Albert and Franz have a pleasant conversation with the Count, in which he offers them more favors for Carnival, including seats at the execution and costumes to wear during the festivities that follow, when tourists and locals crowd the streets. Franz notices the Count paying extra attention to Albert, for a reason he cannot make out, but Albert later chalks this up to his own dress, which, he thinks, is too Parisian for the Count’s tastes.
The reader might deduce that the Count cares about Albert because Albert is a Morcerf, and Caderousse mentioned fleetingly that Fernand de Morcerf has a son of that same name. Although at this point it hasn’t been stated explicitly, then, the Count pays extra attention to Albert because he is the child of his nemesis and his former beloved.
After the Count takes the two men outside for a ride to see Rome and pick up the costumes, it is time for the execution, about which the Count seems excited. He tells the two younger men that he is a bit of a connoisseur of methods of revenge and punishment, and he advocates a style of punishment that is Biblical: an eye for an eye, he says, and a tooth for a tooth. Although the Count does not say explicitly that he has arranged the pardon for Peppino, he is not surprised when, looking on at the execution from a porch outside the Count’s apartment, the pardon is delivered to that man, who is ecstatic at his new freedom, and is led away from the “mazzolata” or mandaia, the Roman equivalent of the guillotine.
This is the first mention of the Count’s study of methods of revenge and torment. To a reader unfamiliar with the book, it might seem surprising that a figure like Dantes, who in the beginning of the novel is an almost cherubic young boy, might later become capable of a love of violence, torment, and destruction. But this is the narrator’s and Dumas’s way of showing just how difficult his many years in prison were – and how powerful his urge to vengeance became during that time. The change Dantes undergoes to become the Count is a change brought on by years of suffering and rage.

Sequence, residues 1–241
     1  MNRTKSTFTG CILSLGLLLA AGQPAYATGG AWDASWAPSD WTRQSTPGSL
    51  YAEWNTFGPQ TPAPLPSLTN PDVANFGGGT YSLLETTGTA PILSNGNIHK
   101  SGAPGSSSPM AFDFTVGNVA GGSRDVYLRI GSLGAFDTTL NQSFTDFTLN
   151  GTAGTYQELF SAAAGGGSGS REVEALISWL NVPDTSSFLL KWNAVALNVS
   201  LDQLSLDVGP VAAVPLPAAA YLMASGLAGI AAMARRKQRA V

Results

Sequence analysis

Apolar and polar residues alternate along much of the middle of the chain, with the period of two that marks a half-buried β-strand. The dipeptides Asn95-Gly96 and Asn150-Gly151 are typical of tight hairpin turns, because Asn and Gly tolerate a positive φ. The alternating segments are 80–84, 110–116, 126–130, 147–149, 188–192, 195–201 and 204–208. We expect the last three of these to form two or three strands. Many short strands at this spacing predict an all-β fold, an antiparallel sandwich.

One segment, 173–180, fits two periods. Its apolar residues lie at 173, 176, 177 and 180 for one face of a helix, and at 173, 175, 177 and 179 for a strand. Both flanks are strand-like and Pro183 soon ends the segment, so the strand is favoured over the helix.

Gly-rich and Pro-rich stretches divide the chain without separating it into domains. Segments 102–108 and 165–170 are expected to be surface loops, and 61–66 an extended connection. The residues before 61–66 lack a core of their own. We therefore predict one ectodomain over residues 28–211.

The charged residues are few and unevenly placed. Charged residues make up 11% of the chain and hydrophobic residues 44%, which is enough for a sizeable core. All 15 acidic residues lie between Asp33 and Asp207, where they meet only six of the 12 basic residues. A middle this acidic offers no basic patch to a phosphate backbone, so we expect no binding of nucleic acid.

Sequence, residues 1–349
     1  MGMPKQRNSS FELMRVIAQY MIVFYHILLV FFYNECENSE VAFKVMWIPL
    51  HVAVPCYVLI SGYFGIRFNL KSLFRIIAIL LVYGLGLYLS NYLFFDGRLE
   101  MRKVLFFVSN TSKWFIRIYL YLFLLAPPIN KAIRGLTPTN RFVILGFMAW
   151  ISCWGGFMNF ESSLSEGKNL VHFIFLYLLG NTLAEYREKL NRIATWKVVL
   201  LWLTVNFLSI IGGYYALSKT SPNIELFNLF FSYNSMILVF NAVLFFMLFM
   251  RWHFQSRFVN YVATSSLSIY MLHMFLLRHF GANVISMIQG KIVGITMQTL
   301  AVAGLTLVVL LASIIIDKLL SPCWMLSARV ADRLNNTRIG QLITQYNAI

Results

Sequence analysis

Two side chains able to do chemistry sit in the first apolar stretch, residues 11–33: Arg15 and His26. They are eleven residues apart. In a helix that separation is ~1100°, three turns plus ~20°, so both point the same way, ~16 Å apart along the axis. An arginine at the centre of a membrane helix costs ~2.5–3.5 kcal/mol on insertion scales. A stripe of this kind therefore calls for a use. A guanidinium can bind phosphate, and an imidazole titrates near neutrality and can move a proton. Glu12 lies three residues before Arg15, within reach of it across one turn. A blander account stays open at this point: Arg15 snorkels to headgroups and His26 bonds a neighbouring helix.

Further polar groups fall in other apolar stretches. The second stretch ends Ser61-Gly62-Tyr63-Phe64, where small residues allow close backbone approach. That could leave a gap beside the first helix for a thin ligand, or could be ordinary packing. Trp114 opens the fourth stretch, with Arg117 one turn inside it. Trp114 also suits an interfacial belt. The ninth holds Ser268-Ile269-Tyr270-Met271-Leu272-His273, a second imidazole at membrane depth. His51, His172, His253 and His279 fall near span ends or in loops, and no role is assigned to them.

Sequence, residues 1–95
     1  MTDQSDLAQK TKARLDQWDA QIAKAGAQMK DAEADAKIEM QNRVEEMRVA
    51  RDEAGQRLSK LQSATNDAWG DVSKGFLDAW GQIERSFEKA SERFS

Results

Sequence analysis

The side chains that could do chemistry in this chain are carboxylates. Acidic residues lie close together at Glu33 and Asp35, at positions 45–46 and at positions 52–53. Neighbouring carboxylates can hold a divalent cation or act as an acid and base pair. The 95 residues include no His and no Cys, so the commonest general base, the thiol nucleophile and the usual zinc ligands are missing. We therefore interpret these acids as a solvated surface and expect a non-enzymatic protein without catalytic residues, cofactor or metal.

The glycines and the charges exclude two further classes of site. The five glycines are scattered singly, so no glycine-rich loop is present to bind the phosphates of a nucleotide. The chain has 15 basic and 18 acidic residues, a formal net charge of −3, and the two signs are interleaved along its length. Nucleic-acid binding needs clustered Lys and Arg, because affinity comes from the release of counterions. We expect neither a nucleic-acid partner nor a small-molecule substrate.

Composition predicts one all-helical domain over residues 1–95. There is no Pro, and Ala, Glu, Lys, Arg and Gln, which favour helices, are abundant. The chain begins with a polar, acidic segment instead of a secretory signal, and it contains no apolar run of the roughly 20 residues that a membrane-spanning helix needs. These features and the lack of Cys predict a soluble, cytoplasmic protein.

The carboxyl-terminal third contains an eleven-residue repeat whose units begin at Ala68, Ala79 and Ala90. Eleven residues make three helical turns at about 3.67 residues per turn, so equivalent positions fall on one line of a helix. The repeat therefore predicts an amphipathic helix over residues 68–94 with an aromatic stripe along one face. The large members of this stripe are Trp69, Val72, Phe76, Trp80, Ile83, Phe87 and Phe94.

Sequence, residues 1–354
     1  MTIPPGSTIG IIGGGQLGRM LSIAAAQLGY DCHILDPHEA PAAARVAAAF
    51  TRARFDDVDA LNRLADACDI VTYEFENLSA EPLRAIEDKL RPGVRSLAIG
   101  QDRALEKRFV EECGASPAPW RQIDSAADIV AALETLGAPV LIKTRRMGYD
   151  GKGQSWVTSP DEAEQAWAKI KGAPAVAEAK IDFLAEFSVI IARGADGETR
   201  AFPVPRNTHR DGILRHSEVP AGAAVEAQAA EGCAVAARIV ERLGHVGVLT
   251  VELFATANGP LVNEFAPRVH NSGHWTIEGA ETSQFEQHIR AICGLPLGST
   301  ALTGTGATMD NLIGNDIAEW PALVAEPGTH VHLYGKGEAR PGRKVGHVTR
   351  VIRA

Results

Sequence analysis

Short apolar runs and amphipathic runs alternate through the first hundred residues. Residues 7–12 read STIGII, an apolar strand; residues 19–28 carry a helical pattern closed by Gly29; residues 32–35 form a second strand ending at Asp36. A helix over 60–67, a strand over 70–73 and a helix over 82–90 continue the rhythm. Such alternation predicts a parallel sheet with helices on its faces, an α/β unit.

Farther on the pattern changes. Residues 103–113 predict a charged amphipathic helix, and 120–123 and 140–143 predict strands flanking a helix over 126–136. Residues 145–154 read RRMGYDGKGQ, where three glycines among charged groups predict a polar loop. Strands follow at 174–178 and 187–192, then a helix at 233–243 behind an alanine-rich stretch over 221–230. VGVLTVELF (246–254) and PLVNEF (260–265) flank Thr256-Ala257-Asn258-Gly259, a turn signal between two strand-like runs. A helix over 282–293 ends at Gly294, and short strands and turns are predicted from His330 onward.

The Count asks Franz and Albert to pay attention as the other man, a bandit named Andreas, is to be executed. Andreas cries out that, if Peppino is pardoned, he himself should not be forced to die alone, and the Count notes how much Andreas’s manner changed—from passive acceptance to outright rage—when he realized he was going to die without his comrade. The Count watches, like “an avenging angel,” as the guillotine falls on Andreas’s neck, killing him instantly. Franz falls back into the apartment in a swoon at the events and at the Count’s hardness of manner toward them.
This section introduces the important phrase “avenging angel” to describe the Count. That he wishes for vengeance is by now beyond doubt, and his being described as an “angel” indicates that there is something otherworldly about him. And indeed, for his time in Rome and much of his time in Paris, it is hard to understand that the Count really is the same young man, once named Dantes, whom the reader met early on.